Dear Editor,As we unveil this Gallery of Photographs of Our Presidents, let us strengthen our commitment to Get On With It: Get on with us growing and developing ourselves and our country, aware of but not incarcerated in our history of the arrival of Europeans in the land, and subsequently the times of slavery and of indentureship.People from six different parts of the world thrown together here like press-ganged sailors of old on a ship setting out into the then not well known oceans, must survive together or succumb together: thrown together for the setting up and manning of colonial plantations –cocoa, coffee, cotton, sugar, rum – we must now together find our own way in a changed and ever changing world.Fellow Citizens, during the childhood of any of us Presidents, I suspect that there would have been little to foretell that we would have attained the highest office in our Country: and I am inclined to believe, reflecting on the circumstances of and the late age at which I came to the politics of our country, my becoming President might have been the most unlikely, accidental, even an interloper into politics: someone who had strayed far from his chosen, safe, solid working career of chemical engineering. But such is life.Friends, particularly our younger fellow citizens, we have progressed much less than was expected at our Independence, but naught but little crying over spilt milk – would we not have done better if we knew better? It has been fashionable in our country to blame and disavow politics and politicians, but once we live in groups – living in ever larger groups, our productivities and possible standards of living go up a thousand fold compared with what we could do if we each lived in isolation – once we live in social and economic intercourse with others we are into politics and we are to some degree politicians.Early in our PPP/C being in Office, I took the visiting Prime Minister of Zambia to see the bauxite operations in Linden. Reflecting on my assertion that I was new to politics he responded – “When someone speaks with himself, we already have the germ of politics and when two people speak the politics is already very rich”. Politics and politicians may be to the north or south or east or west side of where the people are but they cannot be too far away from where the people are.Each of us should strive to make ourselves the best person we could be: capable in a number of areas; kind, helpful to others and contributing to society; expecting and satisfied with receiving some fair share of what we have produced together – you would be noticed, a call to step on our political stage may never be far away.Growing through my childhood years of the 1940s and 1950s, I was among the 70% of our people who would have been assessed at that time to be below the poverty line. Not knowing it, without chips on our shoulders we were not restrained by that material fact: all were striving to do better.I lived for periods of time here and there in the city, returning often to the Eastern Mahaicony countryside; coming into contact for periods of time with our various peoples in our various worlds of overlapping differences of race, religion, rural-urban, richer and poorer, traditional and modern. Growing cognizant of the different views and imaginations in different groups of our people, my own country and world view was not fully in accord with that of any group and to many, I would have seemed quite contrary, not fitting in with the beliefs, attitudes, behavior which prevailing convention expected of me.As I came to this building again today, after a number of years, my mind went back to the first time I entered this building, in August 1955, to receive my first County Scholarship, living expenses, term allowance of $15:00 (fifteen dollars) then, about G$30,000 in today’s money, from our country’s Treasury which was then on the ground floor of the east block where there are now Committee rooms. This building constructed over 1829 to 1834, at the ending of slavery and the beginning of indentured immigration, known earlier as the Public Buildings, housed the total Government of those colonial days up to about the 1950s. I came here regularly unto early 1962 to draw that scholarship allowance.I came again to this building about October/November 1970, on the request of then Prime Minister Burnham to meet him in the Prime Minister’s Office, in the upper flat of the western block, now the Office of the Clerk of our National Assembly. Mr. Burnham had passing acquaintance with me as a nephew of one of his friends, Mr. Frank Denbow.Earlier, in about July, 1962 I was called to my first one on one with him, then as Opposition Leader, at his lawyer’s office in the Clarke and Martin building. Mr. Burnham, recently back from a trip to the USA, had been offered some six University Scholarships by President Kennedy’s Office and I had been recommended to him, most likely by QC Chemistry teacher “Bup” Barker. No doubt on checking with his people, Mr. Burnham greeted me with the probing question, “How is Cheddi’s boy this morning?’ I responded, “I didn’t tell you so: Is that what you have been told.”To set the record straight and to express my appreciation all around, a little over a year later the US Embassy sent a letter inviting me to receive the grant of a University Scholarship but by then I was in Canada on a DEMBA Scholarship. Also, for the record, before mid- 1990 on the way to becoming his running mate, I had not met Dr. Jagan except for a passing handshake in our city streets during the Christmas/New Year season of perhaps 1962.On this second meeting (October/November 1970) Prime Minister Burnham greeted me saying that in speaking with people in Linden/McKenzie, he discerned that they were favourably impressed by three Guyanese members of the Staff of DEMBA (about 40 Guyanese then in a total of about 200) – I was one, the youngest not yet 27 years old. He was about to call ALCAN for talks about participation in DEMBA but was concerned about a hinted response of “take all or nothing at all”.At the end of the discussions Mr. Burnham asked what I thought was the greatest need for Guyana. “Better understanding between our two major ethnic-racial groups”, I replied. He responded that it was the same answer I had given him years ago in 1962, “but lots of water have passed under the bridge since then.”It so happened that that very day was the Nomination Day for the Local Government Elections of 1970 and telephone calls kept coming updating a chuckling Mr. Burnham on all the shenanigans that had seen off all other contestants, except in a very few places. I kept saying to myself, I don’t want to overhear and know these things – these are things for our country’s elders, for our politicians. You can imagine therefore how I felt in 1994 – 24 years later, a little like Jonah when it fell to me as Prime Minister heading that large Ministry that included then, Local Government and Regional Development, to lay the Bill for the Local Government Elections 1994, the very next one following the one I didn’t want to know about in 1970.The third occasion on which I came to this building would have been about October 10, 1992 to see again and bring an end to having the Prime Minister Office in this building, Dr. Jagan had taken the position that all Executive Government Offices would be relocated away from this Building and this Building would thenceforth be for the exclusive use of the Parliament. And I have been here for many Parliament sittings and Committee meetings over the following twenty-three years until our change of Government in 2015. (To be continued)Mr Samuel A A HindsFormer President andFormer PrimeMinister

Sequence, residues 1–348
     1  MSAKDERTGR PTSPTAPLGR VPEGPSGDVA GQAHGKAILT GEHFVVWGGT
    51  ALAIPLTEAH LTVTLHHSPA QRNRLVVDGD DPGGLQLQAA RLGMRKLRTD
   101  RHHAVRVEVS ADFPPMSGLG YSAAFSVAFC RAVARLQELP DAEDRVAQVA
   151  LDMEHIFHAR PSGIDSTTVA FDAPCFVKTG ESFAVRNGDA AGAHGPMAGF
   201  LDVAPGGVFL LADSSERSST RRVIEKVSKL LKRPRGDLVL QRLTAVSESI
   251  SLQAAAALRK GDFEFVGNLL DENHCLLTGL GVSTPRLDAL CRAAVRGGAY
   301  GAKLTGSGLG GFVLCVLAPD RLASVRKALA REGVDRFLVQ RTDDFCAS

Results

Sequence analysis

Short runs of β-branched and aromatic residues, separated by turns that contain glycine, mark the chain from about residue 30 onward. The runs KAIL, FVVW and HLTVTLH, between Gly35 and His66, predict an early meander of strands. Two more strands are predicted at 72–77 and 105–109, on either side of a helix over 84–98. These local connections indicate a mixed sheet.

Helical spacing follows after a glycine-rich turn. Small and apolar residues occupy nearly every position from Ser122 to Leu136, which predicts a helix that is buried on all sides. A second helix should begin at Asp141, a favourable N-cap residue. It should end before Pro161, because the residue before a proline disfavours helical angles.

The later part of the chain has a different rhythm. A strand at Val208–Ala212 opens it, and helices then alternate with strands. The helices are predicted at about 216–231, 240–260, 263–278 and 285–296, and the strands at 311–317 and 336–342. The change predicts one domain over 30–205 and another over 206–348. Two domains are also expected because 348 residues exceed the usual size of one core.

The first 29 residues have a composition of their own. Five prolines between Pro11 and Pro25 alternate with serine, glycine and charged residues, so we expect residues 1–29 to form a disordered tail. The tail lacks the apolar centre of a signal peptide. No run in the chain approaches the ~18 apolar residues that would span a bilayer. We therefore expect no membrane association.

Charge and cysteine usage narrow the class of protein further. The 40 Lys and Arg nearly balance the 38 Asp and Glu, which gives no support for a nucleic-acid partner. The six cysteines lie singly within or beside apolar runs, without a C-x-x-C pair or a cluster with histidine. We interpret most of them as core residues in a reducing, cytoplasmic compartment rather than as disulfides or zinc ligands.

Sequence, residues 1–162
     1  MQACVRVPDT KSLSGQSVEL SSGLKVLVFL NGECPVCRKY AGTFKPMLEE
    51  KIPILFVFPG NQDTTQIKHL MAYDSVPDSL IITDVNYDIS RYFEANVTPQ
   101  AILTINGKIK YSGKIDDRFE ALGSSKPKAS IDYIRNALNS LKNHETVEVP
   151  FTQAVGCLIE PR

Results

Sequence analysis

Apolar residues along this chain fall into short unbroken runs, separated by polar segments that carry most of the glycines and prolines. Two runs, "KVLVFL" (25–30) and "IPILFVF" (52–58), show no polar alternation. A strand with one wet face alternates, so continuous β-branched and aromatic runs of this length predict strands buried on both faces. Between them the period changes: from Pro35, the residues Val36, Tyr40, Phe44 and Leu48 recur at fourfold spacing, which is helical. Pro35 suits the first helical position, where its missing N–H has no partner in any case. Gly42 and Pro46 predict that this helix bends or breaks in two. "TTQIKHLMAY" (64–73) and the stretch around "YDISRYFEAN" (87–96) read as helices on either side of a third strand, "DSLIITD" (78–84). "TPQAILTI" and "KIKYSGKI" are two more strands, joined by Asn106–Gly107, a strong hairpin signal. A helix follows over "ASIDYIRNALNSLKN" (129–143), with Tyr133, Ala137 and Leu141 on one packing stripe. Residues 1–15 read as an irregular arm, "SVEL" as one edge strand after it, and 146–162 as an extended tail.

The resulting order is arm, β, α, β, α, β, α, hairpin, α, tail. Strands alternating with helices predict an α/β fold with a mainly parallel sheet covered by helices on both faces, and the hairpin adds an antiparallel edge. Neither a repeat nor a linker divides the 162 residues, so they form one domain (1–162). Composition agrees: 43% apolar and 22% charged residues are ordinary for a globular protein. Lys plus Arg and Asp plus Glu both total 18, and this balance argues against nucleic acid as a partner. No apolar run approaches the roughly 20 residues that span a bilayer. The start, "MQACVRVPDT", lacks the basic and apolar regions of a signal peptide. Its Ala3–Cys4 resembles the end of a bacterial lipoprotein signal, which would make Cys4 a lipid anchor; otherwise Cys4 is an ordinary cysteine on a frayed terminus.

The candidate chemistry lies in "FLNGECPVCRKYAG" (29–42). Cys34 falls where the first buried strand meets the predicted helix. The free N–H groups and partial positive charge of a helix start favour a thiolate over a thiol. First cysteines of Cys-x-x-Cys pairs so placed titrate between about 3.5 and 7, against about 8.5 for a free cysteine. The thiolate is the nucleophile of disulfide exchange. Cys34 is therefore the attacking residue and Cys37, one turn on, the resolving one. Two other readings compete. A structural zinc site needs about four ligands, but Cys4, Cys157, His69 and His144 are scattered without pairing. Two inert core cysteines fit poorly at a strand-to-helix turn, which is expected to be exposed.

… Minister awaiting GGMC reportA mining concessionaire has come forward with claims that Junior Natural Resources Minister Simona Broomes has been using her position in the Ministry to intervene in matters involving her close associates in a biased manner but the Minister has lashed back saying that the allegations are erroneous, distasteful and geared towards divisive and unproductive outcomes.Clarence Rodrigues, a 53-year-old miner and concessionaire, has levelled allegations after the Guyana Geology and Mines Commission (GGMC), reportedly acting on orders, seized six of his mining claims at Ten Mile, Port Kaituma, Region One (Barima-Waini) in light of a claim dispute involving Rodrigues and one of the Minister’s alleged associates.Speaking on Rodrigues’ behalf, his Attorney, Malek Cave, told this publication that the six claims were issued in the name of John and Clarence Rodrigues, who are Amerindians, from Port Kaituma in 1982.He further explained that John Rodrigues died in 2000, and since then, Clarence Rodrigues has been handling the affairs of the claims, and has been prompt with all payments. According to the attorney, Rodrigues received the seize order from the GGMC “acting on the advice of Junior Minister of Natural Resources” on February 25, and has since been unable to operate on his claims.He further explained that since that day, he has approached mining officials on Rodrigues’ behalf to ascertain the grounds on which his mining claims were seized; however, all of his attempts have been futile. “Since the 25th of February, I have tried every senior functionary at the GGMC and I am yet to get an answer from them in regards to moving forward,” he stated, adding that he approached the Commissioner of the GGMC, Newell Dennison on the issue.Cave expounded on the claims dispute, telling Guyana Times that an individual by the name of Van De Cruize was issued concessions in the vicinity of Rodrigues’ claims, and one of the blocks that was issued to Van De Cruize falls on Rodrigues’ mining claims.According to the lawyer, Minister Broomes is a close associate of the said Van De Cruize, and as such, used her position in the Ministry to act in a biased manner towards Rodrigues.Rodrigues expressed his frustration with the situation, saying that he has been left in limbo. He related that earlier this year, his left leg had to be amputated due to diabetes and he has no other means of earning income. He said he has eight young children to maintain, and as such, life has been very difficult for him and his family.Commenting on Cave’s allegations of her association with parties to the conflict, Minister Broomes in a released statement said that “with the Rodrigues and Van De Cruize matter, first of all I want to make it clear that I have never seen Van De Cruize or Rodrigues ever before when they came here one day at an Open Day. The matter of Van De Cruize was referred to me by Minister Trotman”. She further noted that, “Cease work orders are not placed by a Minister or lifted by a Minister but is based on the Act. The Commissioner of GGMC is the only person who could rescind a cease work order so it has nothing to do with the Minister”.The Minister further outlined that she views this attack as a deliberate attempt to implicate her and noted that, “this matter is out there and I think it is deliberate. I have not yet received a report on the conclusion of the matter. In fact, Mr Van De Cruize keeps running, and crying every day that the GGMC dragging their feet and is taking a long time. But I have to wait on GGMC to do their work and then show me a report of the outcome.”Earlier this year, the Guyana Gold and Diamond Miners Association issued a call for the Minister to be reassigned to another Ministry, since she has several mining concessions, which the Minister had said are now under the control of her children, and that her presence in the Ministry is a clear conflict of interest and poses a threat to impartiality.